Unhoused People Overwhelmingly Want One Thing: Shelter

Two new studies shed light on what people experiencing homelessness actually need by using a shocking new tactic: asking them.

2 minute read

October 20, 2022, 11:00 AM PDT

By Diana Ionescu @aworkoffiction

It may sound simple, but it’s sadly all too rare: if you want to know what unhoused people need, ask the unhoused people themselves. As Rob Eshman reminds the reader in a piece for Los Angeles-based Zócalo Public Square, “until recently, you’d be hard-pressed to find studies asking the people actually experiencing homelessness what they think should be done about the crisis.”

Eshman highlights two recent surveys that finally address this issue by directly communicating with unsheltered and unhoused people. “The two new studies seek to bridge the gap between the well-intentioned plans and what unhoused people themselves say they actually need,” Eshman writes. Unsurprisingly, the top need people cite in both surveys is simply housing.

That seems like a no-brainer, but in fact is big news that should combat pervasive myths that suggest homeless people prefer to live in encampments, that it’s preferable to wait for more permanent housing, or that even if taxpayers funded shelters, homeless people wouldn’t agree to go there.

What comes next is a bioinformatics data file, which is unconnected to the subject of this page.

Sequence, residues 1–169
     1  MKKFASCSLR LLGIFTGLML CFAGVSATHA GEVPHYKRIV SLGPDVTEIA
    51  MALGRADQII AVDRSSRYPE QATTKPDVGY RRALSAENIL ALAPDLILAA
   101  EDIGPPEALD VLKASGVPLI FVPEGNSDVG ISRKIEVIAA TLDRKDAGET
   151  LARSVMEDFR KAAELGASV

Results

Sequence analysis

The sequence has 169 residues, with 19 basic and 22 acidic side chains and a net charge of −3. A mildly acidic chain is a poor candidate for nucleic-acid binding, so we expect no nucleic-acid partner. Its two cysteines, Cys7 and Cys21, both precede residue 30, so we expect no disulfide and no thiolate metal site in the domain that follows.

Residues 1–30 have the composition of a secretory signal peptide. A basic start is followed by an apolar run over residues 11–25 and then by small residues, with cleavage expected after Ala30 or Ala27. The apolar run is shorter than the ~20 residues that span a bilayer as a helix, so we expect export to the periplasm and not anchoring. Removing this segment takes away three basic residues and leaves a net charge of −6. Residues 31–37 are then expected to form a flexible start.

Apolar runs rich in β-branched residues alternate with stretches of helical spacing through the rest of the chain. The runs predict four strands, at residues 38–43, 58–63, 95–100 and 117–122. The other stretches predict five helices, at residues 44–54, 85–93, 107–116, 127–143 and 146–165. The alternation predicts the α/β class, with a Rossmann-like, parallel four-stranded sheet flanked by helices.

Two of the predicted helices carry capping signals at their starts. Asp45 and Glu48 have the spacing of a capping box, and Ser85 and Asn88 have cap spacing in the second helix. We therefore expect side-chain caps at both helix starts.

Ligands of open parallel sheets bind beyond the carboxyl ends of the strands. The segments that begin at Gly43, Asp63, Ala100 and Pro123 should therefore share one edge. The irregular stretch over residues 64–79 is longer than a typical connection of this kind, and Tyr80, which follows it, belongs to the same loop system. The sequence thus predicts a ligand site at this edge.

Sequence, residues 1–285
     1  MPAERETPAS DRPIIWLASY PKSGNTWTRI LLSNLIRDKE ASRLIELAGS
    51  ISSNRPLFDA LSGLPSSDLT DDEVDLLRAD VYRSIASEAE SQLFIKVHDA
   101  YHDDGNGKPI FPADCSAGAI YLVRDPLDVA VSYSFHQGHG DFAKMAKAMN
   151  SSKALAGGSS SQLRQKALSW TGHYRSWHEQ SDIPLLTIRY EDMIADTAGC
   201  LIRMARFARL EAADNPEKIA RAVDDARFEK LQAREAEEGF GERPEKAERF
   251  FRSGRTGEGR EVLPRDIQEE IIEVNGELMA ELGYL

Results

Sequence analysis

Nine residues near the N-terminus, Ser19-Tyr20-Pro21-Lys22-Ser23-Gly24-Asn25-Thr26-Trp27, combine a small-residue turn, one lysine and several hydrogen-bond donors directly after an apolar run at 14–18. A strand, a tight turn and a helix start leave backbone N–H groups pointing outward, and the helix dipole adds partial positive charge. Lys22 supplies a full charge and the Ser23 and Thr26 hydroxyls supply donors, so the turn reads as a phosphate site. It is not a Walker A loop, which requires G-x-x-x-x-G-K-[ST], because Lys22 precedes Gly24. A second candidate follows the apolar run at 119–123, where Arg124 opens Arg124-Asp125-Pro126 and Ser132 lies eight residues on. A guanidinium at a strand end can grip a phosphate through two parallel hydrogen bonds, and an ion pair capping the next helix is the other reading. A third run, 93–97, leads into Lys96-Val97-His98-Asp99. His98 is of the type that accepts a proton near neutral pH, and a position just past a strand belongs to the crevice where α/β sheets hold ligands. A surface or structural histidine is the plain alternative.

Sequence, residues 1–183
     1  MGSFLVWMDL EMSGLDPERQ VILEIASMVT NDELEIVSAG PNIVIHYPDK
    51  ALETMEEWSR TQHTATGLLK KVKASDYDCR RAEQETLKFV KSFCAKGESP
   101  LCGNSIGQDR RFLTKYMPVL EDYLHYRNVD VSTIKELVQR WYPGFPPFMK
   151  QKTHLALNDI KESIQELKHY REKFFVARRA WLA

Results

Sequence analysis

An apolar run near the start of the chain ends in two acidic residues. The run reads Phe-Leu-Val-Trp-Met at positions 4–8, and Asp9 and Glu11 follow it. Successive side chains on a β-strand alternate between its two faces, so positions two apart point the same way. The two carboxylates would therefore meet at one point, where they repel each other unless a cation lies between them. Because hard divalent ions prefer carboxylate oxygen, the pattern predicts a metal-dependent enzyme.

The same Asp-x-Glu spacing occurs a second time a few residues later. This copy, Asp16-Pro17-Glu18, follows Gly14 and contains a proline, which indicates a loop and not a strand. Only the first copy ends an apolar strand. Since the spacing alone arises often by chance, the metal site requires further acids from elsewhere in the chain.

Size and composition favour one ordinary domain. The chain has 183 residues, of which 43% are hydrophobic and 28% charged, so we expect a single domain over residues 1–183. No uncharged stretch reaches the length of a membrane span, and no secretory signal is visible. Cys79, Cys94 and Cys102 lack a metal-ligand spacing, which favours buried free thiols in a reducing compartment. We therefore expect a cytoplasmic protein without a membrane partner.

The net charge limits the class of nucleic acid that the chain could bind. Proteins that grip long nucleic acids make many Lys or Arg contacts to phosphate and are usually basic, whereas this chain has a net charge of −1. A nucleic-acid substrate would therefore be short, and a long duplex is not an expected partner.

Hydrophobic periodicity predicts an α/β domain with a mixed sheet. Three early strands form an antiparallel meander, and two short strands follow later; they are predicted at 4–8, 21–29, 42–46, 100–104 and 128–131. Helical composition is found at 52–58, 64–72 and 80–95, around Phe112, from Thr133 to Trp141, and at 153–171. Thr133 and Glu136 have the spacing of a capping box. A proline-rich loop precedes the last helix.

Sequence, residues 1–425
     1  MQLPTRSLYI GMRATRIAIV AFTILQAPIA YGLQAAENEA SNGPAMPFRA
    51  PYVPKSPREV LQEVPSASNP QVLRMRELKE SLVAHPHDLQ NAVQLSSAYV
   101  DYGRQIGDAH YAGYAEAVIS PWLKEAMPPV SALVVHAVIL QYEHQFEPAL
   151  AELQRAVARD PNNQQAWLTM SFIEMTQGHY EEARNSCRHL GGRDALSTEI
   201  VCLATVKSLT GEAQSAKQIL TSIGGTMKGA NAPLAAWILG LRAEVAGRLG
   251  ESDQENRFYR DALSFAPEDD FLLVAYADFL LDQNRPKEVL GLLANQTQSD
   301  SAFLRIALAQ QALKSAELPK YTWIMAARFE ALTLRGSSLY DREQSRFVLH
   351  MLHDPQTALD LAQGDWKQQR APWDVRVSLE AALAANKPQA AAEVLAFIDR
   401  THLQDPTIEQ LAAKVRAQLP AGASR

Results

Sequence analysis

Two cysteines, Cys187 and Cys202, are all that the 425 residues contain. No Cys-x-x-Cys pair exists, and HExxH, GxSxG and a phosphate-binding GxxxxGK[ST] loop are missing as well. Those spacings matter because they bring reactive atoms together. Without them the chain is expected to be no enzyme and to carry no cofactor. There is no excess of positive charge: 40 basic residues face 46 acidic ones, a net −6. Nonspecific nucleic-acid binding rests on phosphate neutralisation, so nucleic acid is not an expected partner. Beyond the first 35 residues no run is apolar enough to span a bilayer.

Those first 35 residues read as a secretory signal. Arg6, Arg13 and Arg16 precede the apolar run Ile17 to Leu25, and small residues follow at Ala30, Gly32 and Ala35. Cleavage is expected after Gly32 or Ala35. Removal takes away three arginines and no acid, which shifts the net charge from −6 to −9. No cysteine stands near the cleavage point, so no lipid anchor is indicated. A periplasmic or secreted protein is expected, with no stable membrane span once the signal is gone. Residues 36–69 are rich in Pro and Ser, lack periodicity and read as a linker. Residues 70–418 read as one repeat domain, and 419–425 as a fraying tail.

A RAND Corporation survey found that 90 percent of respondents wanted to find housing, but faced bureaucratic and logistical obstacles. Another study from the A-Mark Foundation and UCLA’s Luskin School of Public Affairs yielded similar results, with 92 percent of respondents in L.A.’s notorious Skid Row saying shelter was their first priority, even as millions of federal dollars directed at fighting homelessness went unspent by the city.

The surveys also shed light on what type of housing works and doesn’t work. For example, “In two focus groups that were part of the A-Mark Foundation survey, women said they avoided shelters that broke up families,” a common practice in many shelters. “Lack of security at shelters and concern over sexual violence were also named as top concerns. Men said curfews that made shelters feel like prison and prohibitions against dogs kept them away.”

The results illuminate the stark need for more temporary and long-term shelter and housing options that are responsive to the real needs of the people they serve.

Monday, October 17, 2022 in Zocalo Public Square

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